This survey and the Trek in general represent the thru-hiking niche more heavily than the general AT population, and as such potentially draw responses from those more committed to their thru-hikes. We also like to think that those familiar with this website/survey are more prepared for the rigors of trail life by being exposed to the wealth of knowledge hosted herein.
71 hikers did not finish a thru-hike this year, but 24 of them only intended to hike a section. Injury was the most common reason for not finishing a thru-hike, but it was down from last year’s 33% to 18% of hikers claiming injury as the reason for not finishing their hike. A new reason preventing completion was flooding. In New England, there was extreme weather this year that caused quite a lot of problems for hikers. It was so much of a problem that multiple hikers listed it as the reason for not completing their thru-hike.
As per usual, Northbound was the most popular hiking direction among respondents. There was a noticeable drop though, with 84% this year to last year’s 91%. Southbound and flip-flop hikers both increased by at least 3% over last year.
The majority of hikers began in March and April, with April 5 being the most popular start date. The earliest Northbound hiker started on January 7th, and the earliest Southbound hiker started on June 1. Inversely, the latest Northbound hiker started on May 6 and the latest Southbound hiker started on August 2. A married couple who flip-flopped started their hike on September 22 of 2022, and were not included in the chart above.
Most hikers finished in September while bleeding into early October. October 3 saw the largest number of hikers finish on any single day. The first Northbound finisher ended on May 28, and the first Southbound finisher was done on August 31. The last Northbound hiker finished their hike on October 20. As of publishing, southbound hikers may still be wrapping up their hikes.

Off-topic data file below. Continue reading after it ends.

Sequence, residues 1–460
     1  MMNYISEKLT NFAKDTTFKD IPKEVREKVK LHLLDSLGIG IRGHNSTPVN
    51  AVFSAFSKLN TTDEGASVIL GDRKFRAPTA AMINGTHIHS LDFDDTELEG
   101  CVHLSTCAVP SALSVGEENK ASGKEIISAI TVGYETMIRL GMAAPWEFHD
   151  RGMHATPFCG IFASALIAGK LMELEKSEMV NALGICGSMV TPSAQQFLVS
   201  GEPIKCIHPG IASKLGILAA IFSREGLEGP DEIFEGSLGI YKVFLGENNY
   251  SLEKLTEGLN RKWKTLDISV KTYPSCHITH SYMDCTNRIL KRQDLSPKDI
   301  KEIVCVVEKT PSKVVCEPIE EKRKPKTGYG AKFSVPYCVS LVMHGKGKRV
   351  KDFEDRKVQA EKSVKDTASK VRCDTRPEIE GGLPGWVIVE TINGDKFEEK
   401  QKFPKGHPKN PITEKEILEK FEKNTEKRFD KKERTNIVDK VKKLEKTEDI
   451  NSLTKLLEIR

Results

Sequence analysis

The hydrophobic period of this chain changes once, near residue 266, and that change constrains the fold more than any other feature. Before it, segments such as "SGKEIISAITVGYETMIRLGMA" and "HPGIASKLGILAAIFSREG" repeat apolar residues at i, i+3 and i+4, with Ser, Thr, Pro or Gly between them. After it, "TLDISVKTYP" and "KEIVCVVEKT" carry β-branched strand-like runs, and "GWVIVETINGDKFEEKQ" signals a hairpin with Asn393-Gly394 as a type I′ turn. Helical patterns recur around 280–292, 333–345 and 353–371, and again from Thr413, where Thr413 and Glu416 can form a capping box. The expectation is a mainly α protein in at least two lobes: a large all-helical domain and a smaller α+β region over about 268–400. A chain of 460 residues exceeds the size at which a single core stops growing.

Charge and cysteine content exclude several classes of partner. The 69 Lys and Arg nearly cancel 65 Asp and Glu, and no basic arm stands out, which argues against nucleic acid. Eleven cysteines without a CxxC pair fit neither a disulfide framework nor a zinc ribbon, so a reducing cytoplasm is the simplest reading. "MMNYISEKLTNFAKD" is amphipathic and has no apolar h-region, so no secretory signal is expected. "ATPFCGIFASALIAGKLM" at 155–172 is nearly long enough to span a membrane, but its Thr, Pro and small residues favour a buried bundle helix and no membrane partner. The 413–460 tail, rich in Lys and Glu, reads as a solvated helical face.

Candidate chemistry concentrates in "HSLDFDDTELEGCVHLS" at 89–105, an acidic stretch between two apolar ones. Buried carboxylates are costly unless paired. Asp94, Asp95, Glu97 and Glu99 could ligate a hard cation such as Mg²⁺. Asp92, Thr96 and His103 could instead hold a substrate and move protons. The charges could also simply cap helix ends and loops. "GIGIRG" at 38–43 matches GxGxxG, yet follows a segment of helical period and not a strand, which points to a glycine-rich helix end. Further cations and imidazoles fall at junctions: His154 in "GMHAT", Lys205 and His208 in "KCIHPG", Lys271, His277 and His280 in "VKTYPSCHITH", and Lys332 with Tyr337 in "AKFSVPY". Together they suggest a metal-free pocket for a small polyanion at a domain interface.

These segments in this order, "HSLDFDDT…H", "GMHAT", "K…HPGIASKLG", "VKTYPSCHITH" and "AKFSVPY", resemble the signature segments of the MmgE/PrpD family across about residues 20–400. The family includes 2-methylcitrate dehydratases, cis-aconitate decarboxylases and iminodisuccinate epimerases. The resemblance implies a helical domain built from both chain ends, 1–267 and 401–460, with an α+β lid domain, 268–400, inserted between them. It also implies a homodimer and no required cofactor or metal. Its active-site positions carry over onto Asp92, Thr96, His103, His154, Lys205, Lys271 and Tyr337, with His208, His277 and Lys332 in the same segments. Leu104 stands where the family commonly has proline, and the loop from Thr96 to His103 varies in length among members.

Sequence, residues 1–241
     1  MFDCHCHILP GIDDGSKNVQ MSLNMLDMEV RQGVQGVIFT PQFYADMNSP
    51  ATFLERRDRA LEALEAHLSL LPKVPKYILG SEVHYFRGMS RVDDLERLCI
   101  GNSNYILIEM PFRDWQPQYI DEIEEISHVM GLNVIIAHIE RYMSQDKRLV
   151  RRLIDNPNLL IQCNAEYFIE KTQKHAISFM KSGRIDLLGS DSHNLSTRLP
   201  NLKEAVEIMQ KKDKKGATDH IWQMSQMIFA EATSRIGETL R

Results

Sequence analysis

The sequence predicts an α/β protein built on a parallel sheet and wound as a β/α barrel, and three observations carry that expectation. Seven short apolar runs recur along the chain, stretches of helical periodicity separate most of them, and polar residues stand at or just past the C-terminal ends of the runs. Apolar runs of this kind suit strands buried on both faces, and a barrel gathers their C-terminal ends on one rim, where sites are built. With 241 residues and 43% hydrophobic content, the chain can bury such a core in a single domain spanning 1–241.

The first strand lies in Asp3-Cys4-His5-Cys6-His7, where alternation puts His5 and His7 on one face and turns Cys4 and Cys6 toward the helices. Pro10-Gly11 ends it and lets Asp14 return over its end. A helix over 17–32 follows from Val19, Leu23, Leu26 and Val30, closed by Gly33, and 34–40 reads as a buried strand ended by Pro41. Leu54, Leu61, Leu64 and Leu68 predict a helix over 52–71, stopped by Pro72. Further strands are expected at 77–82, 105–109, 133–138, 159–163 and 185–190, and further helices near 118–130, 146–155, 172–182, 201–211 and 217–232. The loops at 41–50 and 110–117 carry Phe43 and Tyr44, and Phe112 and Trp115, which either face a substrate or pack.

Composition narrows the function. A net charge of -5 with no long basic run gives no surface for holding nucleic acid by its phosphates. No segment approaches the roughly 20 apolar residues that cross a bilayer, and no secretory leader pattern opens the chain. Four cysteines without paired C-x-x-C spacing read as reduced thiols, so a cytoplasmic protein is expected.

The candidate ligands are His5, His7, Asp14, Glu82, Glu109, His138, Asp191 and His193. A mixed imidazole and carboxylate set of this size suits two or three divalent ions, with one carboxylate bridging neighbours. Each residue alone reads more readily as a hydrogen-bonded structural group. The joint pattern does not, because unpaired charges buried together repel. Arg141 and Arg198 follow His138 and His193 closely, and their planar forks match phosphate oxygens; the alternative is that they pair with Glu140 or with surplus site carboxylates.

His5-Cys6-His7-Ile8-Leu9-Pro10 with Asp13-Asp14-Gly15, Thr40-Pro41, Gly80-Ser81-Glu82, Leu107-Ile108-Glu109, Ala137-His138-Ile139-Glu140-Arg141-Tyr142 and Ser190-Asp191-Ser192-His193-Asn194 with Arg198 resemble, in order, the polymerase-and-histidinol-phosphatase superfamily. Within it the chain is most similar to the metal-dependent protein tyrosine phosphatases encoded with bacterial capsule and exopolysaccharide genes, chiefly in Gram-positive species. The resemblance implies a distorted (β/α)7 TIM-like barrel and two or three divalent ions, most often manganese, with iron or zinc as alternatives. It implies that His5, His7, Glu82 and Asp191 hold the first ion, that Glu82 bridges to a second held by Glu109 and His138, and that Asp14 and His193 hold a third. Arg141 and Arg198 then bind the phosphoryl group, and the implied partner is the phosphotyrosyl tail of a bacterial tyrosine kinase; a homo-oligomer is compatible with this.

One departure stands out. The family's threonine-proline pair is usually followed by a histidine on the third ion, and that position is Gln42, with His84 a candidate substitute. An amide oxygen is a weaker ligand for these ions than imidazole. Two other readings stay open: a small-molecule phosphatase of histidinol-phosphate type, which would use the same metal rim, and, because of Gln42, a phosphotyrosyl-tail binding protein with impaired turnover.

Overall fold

Pace of AT Hikers in Miles Per Day
Festivals and Check-Ins
More hikers seem to check in with the ATC every year. Although the Check-ins at Springer and Mount Katahdin were about the same as last year percentage-wise, 6% more hikers checked in at Harpers Ferry this year.
For trail festivals, the attendance was approximately the same as it was last year. Trail Days is clearly the most popular festival and has always been, but most hikers aren’t attending any of the festival options.
As per usual, the cost of thru-hiking seems to have increased slightly this year with more hikers’ spending approaching the pricey end of the spectrum. The average amount spent this year was $7,482, up over $250 from last year. The most common amount spent was $10,000. It is worth noting that most thru-hikers have only a loose understanding of their budget, and few keep accurate records or tally of their receipts. For this reason, the number of those claiming to have spent $10,000 might be inflated purely because it’s a nice round number.
In terms of gear, 75% of hikers spent between $1,000-$3,000 on their gear, about the same as last year. Keep in mind that this includes the initial cost of purchasing gear for the hike, along with the ongoing costs of replacing or repairing shoes, clothing, and gear while hiking.
That’s a wrap on the first post in the AT 2023 Survey series! Up next will be more general information, with a focus on hiker’s experience, safety, and favorites. The following posts will cover backpacks, footwear, shelter systems, sleeping bags, and stoves/filters. Please leave any feedback, questions, or comments in the comment section below. We’d love to hear your thoughts!
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Congratulations to all the AT hikers this year, and a huge thank you to everyone who filled out the survey, we couldn’t do this without you!
Featured image: Graphic design by Chris Helm.